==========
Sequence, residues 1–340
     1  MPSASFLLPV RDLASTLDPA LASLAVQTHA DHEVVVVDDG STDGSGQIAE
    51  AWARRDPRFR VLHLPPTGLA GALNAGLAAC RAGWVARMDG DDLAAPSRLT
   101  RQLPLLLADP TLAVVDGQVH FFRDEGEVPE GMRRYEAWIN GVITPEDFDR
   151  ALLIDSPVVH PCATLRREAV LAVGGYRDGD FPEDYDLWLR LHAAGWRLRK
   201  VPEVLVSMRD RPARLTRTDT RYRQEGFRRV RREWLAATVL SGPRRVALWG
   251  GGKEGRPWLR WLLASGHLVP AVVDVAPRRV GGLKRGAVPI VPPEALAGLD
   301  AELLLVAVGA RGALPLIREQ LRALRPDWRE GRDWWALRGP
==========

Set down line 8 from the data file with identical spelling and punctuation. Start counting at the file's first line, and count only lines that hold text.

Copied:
   301  AELLLVAVGA RGALPLIREQ LRALRPDWRE GRDWWALRGP